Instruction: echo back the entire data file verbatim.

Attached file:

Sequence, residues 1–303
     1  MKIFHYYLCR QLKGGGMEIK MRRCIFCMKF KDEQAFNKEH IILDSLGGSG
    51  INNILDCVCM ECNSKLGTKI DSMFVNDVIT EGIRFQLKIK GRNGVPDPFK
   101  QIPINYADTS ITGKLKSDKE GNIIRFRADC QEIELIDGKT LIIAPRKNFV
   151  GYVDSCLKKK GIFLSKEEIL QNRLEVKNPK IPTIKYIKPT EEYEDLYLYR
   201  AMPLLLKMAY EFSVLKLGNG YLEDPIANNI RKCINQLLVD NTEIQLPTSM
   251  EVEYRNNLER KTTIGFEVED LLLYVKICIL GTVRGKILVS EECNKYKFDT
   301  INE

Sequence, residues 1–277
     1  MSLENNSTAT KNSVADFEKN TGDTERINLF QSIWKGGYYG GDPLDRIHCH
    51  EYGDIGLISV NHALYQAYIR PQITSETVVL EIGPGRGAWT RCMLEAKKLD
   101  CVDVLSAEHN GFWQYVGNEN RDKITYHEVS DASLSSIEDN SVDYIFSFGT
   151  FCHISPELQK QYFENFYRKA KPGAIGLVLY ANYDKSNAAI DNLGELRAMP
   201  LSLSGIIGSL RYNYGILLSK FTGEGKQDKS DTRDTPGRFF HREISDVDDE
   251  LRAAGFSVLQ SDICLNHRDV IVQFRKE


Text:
Sequence, residues 1–303
     1  MKIFHYYLCR QLKGGGMEIK MRRCIFCMKF KDEQAFNKEH IILDSLGGSG
    51  INNILDCVCM ECNSKLGTKI DSMFVNDVIT EGIRFQLKIK GRNGVPDPFK
   101  QIPINYADTS ITGKLKSDKE GNIIRFRADC QEIELIDGKT LIIAPRKNFV
   151  GYVDSCLKKK GIFLSKEEIL QNRLEVKNPK IPTIKYIKPT EEYEDLYLYR
   201  AMPLLLKMAY EFSVLKLGNG YLEDPIANNI RKCINQLLVD NTEIQLPTSM
   251  EVEYRNNLER KTTIGFEVED LLLYVKICIL GTVRGKILVS EECNKYKFDT
   301  INE

Sequence, residues 1–277
     1  MSLENNSTAT KNSVADFEKN TGDTERINLF QSIWKGGYYG GDPLDRIHCH
    51  EYGDIGLISV NHALYQAYIR PQITSETVVL EIGPGRGAWT RCMLEAKKLD
   101  CVDVLSAEHN GFWQYVGNEN RDKITYHEVS DASLSSIEDN SVDYIFSFGT
   151  FCHISPELQK QYFENFYRKA KPGAIGLVLY ANYDKSNAAI DNLGELRAMP
   201  LSLSGIIGSL RYNYGILLSK FTGEGKQDKS DTRDTPGRFF HREISDVDDE
   251  LRAAGFSVLQ SDICLNHRDV IVQFRKE